Or if (and that's quite likely to be the case) it's the same 3 or 4 usual suspects that keep rearing their complexicated heads, then I'd just use a pocket calculator the first few times and then be able to remember the results after that.
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Old 06-16-2015, 10:06 AM   #7
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Default Re: GM Secrecy and Metagaming

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I don't see how simple mental arithmetic can be a problem for a GM, either.
He didn't say "It's a problem" he said "It slows down play." And it does: If you attack for 10 damage with a holy sword that has an armor divisor of 2 vs an unliving zombie with a DR of 6 and an x2 vulnerability to holiness, then you need to take 10 damage, subtract (6/2) 3 DR and then multiply the result by 1.5 and then again by 2, for a total of 21 damage.

It's not IMPOSSIBLE, but it does take a few more moments than it might otherwise.

In my experience, though, you get pretty good at it. You're also the one who determines the monsters and the treasures, so if you don't like this sort of thing, don't include it. Or get some pretty standard set-ups that you're quite familiar with.

Also, you don't HAVE to hide the monsters from the players. I prefer it in horror games, but for a game like DF, I wouldn't bother to hide most traits from my players.
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Old 06-16-2015, 10:17 AM   #8
johndallman
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Default Re: GM Secrecy and Metagaming

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I don't see how simple mental arithmetic can be a problem...
Oh, it can. One of the best GMs I know for story and characterisation has to count on their fingers to add up some combinations of 3d6. They don't run GURPS and don't like to play it, calling it "too number-crunchy". They're happy with a fairly simple standard of D&D, or oWoD.
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Old 06-16-2015, 09:55 PM   #9
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Default Re: GM Secrecy and Metagaming

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Originally Posted by Peter Knutsen View Post
I don't see how simple mental arithmetic can be a problem for a GM, either.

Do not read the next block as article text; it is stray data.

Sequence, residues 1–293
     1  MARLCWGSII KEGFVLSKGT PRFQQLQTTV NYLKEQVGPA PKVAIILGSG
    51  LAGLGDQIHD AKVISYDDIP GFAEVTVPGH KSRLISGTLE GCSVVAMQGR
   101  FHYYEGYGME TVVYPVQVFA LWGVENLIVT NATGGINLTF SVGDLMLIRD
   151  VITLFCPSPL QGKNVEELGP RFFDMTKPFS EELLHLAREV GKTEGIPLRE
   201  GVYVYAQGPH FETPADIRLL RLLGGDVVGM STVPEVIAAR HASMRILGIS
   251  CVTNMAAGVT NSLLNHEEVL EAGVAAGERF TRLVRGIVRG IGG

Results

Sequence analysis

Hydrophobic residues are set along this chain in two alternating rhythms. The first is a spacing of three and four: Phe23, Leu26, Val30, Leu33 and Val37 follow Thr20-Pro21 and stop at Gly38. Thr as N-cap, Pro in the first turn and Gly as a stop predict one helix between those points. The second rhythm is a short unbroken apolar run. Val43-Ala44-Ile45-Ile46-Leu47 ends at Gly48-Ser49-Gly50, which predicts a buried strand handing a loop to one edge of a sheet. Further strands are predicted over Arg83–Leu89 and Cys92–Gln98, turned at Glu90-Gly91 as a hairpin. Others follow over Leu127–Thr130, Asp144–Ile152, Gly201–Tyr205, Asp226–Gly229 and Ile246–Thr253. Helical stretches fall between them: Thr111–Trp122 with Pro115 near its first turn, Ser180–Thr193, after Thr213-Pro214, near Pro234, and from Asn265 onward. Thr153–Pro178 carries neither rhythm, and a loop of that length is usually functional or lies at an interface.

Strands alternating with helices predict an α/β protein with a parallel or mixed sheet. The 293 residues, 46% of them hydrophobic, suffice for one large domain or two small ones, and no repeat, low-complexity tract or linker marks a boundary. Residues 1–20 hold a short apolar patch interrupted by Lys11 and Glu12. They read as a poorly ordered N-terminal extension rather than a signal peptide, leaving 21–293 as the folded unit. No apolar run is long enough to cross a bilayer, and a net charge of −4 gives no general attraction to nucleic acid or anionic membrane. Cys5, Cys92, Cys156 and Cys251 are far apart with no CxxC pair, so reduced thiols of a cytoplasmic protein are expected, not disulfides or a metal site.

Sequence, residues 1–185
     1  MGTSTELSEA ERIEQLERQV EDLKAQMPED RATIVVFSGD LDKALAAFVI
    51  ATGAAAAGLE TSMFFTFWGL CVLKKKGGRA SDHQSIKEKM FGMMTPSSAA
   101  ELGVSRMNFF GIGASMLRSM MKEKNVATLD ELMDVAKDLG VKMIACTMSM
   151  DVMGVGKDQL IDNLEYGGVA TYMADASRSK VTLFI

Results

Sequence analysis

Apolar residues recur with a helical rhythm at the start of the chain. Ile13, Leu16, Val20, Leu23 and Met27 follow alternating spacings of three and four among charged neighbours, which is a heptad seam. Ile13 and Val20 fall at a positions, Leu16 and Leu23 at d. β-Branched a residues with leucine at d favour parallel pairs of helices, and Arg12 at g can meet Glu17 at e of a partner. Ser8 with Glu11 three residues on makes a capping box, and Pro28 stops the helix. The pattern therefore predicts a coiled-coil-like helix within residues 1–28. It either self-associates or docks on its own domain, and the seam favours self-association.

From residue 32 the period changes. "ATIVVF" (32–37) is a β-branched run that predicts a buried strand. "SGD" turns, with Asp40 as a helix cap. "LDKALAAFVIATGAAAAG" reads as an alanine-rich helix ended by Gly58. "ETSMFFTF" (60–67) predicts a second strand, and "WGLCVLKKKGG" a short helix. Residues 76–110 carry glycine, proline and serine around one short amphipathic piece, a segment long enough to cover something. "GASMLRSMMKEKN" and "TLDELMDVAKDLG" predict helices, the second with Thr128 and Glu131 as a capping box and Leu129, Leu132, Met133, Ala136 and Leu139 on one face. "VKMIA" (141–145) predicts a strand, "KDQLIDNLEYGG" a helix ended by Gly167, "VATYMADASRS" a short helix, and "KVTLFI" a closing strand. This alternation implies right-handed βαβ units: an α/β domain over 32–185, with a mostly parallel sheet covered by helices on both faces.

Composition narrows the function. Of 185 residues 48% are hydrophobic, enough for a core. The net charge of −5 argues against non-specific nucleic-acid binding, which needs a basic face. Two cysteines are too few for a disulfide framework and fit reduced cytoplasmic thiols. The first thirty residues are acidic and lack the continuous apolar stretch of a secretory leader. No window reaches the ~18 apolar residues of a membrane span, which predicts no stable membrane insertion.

Quote:
Originally Posted by johndallman View Post
Oh, it can. One of the best GMs I know for story and characterisation has to count on their fingers to add up some combinations of 3d6. They don't run GURPS and don't like to play it, calling it "too number-crunchy". They're happy with a fairly simple standard of D&D, or oWoD.
My BS includes a minor in mathematics, meaning I've gone through diff-eq, stats, etc. but I have what GURPS would classify as incompetence with basic arithmetic. After middle school, the math portions of my brain were filled with other things, and calculators worked better than my faulty rote memory. Thankfully, my fellow gamers can add better than me, so I sometimes just start saying the dice numbers and bonuses. :)
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Old 06-17-2015, 07:36 AM   #10
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Default Re: GM Secrecy and Metagaming

I put what G&AInc calls a "spreadsheet" on a whiteboard visible to everyone. Each PC has a line, and there's an empty line between every PC. Each row includes Move, Speed, Perception, Observation, preferred defense, and some notes.

(In my game, Perception allows someone to see -- for instance -- the two young men hanging out on the stoop of the building across the street, the young, scantily-clad woman under the street light eyeing them, the bum with the paper bag lying in the mouth of the alley halfway down the block, and the car moving slowly down the block toward the area with the street light. In addition to surveillance, Observation allows them to note that the thugs seem to be armed and guarding the entrance to the building, the two people in the car are looking at the thugs and not at the woman, and that the woman has her hand inside a large, heavy handbag, and the bum seems to be talking into his paper bag while watching the whole situation -- including the actions of the PCs.)

Once the encounter starts, I'll note where in the turn-order the opposition acts. Some will be faster, and others slower. I roll dice openly, so the players mostly know, by the end of the first round, the speed and general capabilities of what they face.

However, that first round is pretty fraught, because they're never sure what the villains/monsters can or will do. Also, if the thing can do special things on follow-ups (poison, rakes with back claws, that sort of thing), they won't know that until it gets tried -- on them.